Active Adults & Polk Senior Games
By Merlisa Lawrence Corbett
Brian Toune, 72, likes to joke about his lifetime involvement in sports.
“I was never very good. I was 5’10” when I was in eighth grade. I’m still 5’ 9 (and a) 1/2,” said Toune. “So I went from the center on the basketball team in eighth grade to a freshman who was too short to play guard.”
Toune moved on to other sports, including tennis and golf. He even taught golf for 30 years. His latest passion is pickleball, one of the fastest growing sports in North America.
A cross between ping-pong and badminton, pickleball is played on abbreviated tennis courts. Winter Haven, Lakeland, Auburndale and Lake Wales, all have growing pickleball communities.
Toune took up the sport two years ago. He said matches are fun, yet competitive.
Like many seniors, who continue to play sports, Toune finds competition is good for mind, body, and soul.
“First, it gets you out of the house and away from the TV,” Toune said. “Secondly, you find out that you are more capable of doing things that you didn’t think you could. You end up being so much more physically capable of doing things that shock you.”
Pickleball is among the many events held during the Polk Senior Games, from February 28 through March 16.
The senior games offer competitive-minded people a chance to put their skills to the test. Whether it’s fly-fishing, pickleball, or bowling, competition keeps the mind sharp and the body moving. It also reminds seniors that setting goals and chasing dreams are lifelong pursuits.
The term “active adult” is a generic phrase often used to push everything from vitamins to condominiums. It fails to capture the sporting nature of those who incorporate competitive play into their active lives.
“My hand-eye coordination has really grown from pickleball,” said Toune. “My wife and I both play pickleball and we both play tennis. It’s just made a difference in our tennis game.”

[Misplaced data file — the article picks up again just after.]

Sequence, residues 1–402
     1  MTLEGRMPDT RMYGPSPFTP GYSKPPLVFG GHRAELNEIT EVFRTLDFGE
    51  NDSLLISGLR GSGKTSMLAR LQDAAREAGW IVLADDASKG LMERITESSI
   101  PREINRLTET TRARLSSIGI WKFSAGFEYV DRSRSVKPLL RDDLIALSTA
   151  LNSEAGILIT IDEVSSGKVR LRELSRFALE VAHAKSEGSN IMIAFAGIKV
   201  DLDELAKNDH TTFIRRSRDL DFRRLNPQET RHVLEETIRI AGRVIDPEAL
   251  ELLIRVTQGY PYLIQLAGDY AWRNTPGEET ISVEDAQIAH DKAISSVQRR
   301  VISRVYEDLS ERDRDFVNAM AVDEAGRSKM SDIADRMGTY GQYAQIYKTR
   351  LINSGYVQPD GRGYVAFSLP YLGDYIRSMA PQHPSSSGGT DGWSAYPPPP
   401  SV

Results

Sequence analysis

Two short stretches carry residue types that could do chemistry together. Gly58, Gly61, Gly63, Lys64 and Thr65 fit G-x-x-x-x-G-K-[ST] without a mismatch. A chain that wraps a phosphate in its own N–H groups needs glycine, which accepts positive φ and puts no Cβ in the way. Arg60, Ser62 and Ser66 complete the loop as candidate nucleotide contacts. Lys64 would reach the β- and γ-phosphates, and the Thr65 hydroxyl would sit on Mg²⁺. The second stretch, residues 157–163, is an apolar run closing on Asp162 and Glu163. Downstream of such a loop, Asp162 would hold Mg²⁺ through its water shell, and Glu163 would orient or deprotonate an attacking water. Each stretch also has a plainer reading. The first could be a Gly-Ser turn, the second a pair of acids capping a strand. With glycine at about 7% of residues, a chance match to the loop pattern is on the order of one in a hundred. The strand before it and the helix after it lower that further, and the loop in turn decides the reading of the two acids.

Improving their games and enhancing their lives are a couple of reasons some seniors are experiencing an uptick in competitive play.
A few of the pickleballers plan to compete in the senior games, open to people who are 50 and older.
Winners of the Polk Senior Games can advance to the Florida Senior Games and compete for a chance to qualify for the biannual National Senior Games.
The Polk Senior Games have grown from just over 700 participants in 1992 to nearly 2,500 in 2013.
The Senior Games take place at different venues throughout the county, over two weeks in Olympic-style competition.
Not many of the young ones come out, said Robin Wickman, of South Lakeland. By young, Wickman means those just turning 50.
Last year Wickman, who turns 70 in March, won best in his age group. This year he moves up to the 70-75 age group.
“The older you get the more people drop out,” said Wickman. However, he adds that, “Some of these guys are something else.” He’s facing tough competition from a guy who he said swam for the U.S. Navy team.
Wickman, who grew up in Clearwater, competes in more sporting events in the Polk Senior Games than he ever did in high school.
“I tried swimming one year in high school,” Wickman said. “We didn’t have a pool or anything. We had to use one on the beach. It wasn’t heated and it was cold.”
He also tried football and softball. “I was never good enough to get a scholarship,” said Wickman. “But I’ve always been active.”
Like Toune, Wickman is enjoying a late surge in his athletic life. He competed in eight swimming events last year and 13 events overall. He plans to try shot put and discus throwing this year.
He’s has become more involved in sports since he retired from owning a Chevrolet dealership in Bartow.
“I didn’t have time when I was working,” Wickman says. “I retired in 2008 and thought, you know I’ve got time to get in shape for something.”
Wickman swims three times a week at the YMCA near Cleveland Heights. Swimming is his best sport, but he’s tried punt, pass and kick. “It’s hard to beat some of the bigger guys who played football.”
He’s also competed in the long jump, triple jump and javelin. “I didn’t do any of those in high school.”
More than merely a way to stay in shape, competitive sports provides seniors with extra incentives: titles, medals and records.
It’s also a way to connect with friends and like-mind seniors. Leticia Otero plays pickleball regularly with friends in Winter Haven. She played tennis for 40 years before picking up pickleball four years ago. She loves the sport so much she no longer plays tennis.
Besides pickleball, the senior games include basketball, golf, racquetball, road races, tennis, track and field, powerlifting, ballroom dancing, bowling, trap shooting and a host of other recreational games and sports.
Every game or sport represents another opportunity to compete, a chance to prove to oneself that you’re never too old to learn something new.
To register for or for more info on Polk Senior Games visit PolkSeniorGames.org or call 863-533-0055.